A Dish of Inspiration from "Chef Jeff"

Food Network's Chef Jeff Henderson talks to Beliefnet about how food helped him find his life's purpose.

BY: Holly Lebowitz Rossi


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What do you think makes an effective mentor? Do you have to have a personal narrative to tell, like yours?

I truly believe to be an effective mentor, you have to have the experience and the understanding of the person you’re attempting to mentor. To be trying to mentor an at-risk inner-city youngster who’s been involved in gangs and drugs and crime and comes from generational poverty, the mentor has to have a deep understanding of that whole subculture in order to pull them in the direction they need to go in and to convince them that, you know, they have potential to change.

It’s like, if somebody was talking to me back in the day from the suburbs who was highly educated, I couldn’t relate. I would have had to heard it from someone who understands what I’ve gone through with my life to be able to guide me out.

Have you ever had to give up on anyone you were trying to mentor?

I have given up on some individuals temporarily until they hit certain crossroads to get them to understand that it’s time to make a change and a difference. I was hard-headed when I was young. I had to go to prison. That’s the only way I was going to get it. And some youngsters have to get in a deeper hole to understand they need to change.

I feel that my time’s valuable and many young people need my help, and I can’t waste my time with someone who doesn’t want to accept change, accept responsibilities, and sometimes I have to let them go until they find their way.

Then, when they hit rock-bottom, then all the teachings and the messaging that I’ve been doing with them, they finally get it and they finally say, "Okay, it’s time now. I’ve got to make a difference. I get it."

What’s more important—believing in yourself, or having someone believe in you?

There has to be a level of balance between the two, because you can’t get an opportunity or reach a level of success without both. Building up your self-esteem and self-confidence to be able to go in there and face a potential employer or face the potential opportunity, you need that. You have to be able to convince that individual or organization that you have potential, you have the skill set and the mind set to work within that particular company and be an effective employee that produces that is results-driven.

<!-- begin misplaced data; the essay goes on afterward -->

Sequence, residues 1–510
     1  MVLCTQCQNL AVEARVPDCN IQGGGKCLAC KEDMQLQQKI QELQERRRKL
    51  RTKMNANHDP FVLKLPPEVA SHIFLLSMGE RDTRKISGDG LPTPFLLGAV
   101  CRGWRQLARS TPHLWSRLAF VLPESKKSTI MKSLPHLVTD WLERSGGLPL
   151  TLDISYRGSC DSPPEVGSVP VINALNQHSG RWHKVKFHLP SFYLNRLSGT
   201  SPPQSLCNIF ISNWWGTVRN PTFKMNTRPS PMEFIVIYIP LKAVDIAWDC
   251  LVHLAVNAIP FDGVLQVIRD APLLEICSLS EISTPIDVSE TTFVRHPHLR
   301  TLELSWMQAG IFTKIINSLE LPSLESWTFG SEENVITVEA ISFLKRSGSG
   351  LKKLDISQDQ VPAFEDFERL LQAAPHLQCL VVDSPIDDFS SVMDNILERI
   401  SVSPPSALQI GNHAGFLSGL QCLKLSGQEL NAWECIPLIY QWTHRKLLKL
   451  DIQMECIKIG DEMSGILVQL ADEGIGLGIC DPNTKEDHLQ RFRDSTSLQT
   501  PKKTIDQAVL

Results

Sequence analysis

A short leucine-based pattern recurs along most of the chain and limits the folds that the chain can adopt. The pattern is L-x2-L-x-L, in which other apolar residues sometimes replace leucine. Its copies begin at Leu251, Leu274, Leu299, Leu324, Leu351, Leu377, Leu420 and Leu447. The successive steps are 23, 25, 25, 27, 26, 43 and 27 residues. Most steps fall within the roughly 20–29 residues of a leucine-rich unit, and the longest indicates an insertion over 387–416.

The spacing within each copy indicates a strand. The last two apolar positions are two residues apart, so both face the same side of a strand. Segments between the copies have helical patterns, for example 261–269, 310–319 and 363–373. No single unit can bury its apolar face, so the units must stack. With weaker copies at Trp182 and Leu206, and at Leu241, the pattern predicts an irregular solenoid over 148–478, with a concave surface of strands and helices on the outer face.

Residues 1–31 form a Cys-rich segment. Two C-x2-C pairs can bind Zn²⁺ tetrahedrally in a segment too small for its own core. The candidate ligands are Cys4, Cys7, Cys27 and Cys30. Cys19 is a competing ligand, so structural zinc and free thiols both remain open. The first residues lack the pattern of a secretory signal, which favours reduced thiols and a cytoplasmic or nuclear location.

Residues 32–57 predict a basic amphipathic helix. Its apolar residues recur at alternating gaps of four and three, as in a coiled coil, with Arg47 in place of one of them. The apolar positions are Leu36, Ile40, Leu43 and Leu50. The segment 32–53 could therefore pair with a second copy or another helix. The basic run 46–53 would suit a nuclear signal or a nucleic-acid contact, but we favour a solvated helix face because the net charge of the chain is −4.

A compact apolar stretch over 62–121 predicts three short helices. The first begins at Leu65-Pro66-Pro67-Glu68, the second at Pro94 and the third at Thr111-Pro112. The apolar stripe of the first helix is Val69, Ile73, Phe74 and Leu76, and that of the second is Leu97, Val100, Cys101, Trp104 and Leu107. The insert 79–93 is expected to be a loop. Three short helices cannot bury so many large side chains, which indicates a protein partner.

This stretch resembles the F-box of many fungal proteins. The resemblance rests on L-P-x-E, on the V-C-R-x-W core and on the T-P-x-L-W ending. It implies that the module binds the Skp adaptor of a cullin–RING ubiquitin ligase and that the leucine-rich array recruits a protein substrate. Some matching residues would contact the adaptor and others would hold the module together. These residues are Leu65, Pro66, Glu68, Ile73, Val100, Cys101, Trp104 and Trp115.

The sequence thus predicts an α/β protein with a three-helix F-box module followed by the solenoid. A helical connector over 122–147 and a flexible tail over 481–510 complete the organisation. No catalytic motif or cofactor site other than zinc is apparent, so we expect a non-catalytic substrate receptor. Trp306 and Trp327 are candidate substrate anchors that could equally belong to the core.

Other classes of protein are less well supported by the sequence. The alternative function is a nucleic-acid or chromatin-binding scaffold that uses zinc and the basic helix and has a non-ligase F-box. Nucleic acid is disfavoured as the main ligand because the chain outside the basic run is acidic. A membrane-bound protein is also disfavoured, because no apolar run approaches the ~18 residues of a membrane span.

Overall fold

That’s one thing that I was able to bring to the table because, I knew that I had to create some leverage. I had to leverage my skills to convince employers, whether it was instead of a 90-day probation, give me a 30-day probation, or showing them I was first to work every day, last to leave, I didn’t take a lunch break, and went above and beyond and moved heaven and earth to learn everything that I could to have personal growth in that company.

Maybe it’s 75 percent confidence in yourself, and a potential employer may only have 25. But, you have to tilt that to your advantage.

What is "self-talk" and how do you use it? Is it similar to prayer?

I guess it could be like a prayer, but it’s a prayer to yourself. What I would do is mumble to myself, sometimes verbally out loud and have a self-talk before I would enter into a situation or a circumstance. I would run scenarios before I went in for an interview, before I had a meeting, before there was a confrontation. I would talk to myself about the pros and cons of a situation that has an outcome.

Like, if I go into a meeting to ask for a raise or for a new position, I would talk out both scenarios. What I would say if they say yes, how I would react if they said no? I would play that role out in my head first so I didn’t come off as angry or bitter.

What, in your opinion, is the perfect bite of food?

I would have to say my grandfather’s bread pudding with a scoop of vanilla ice cream. I’ve eaten it before for dinner.

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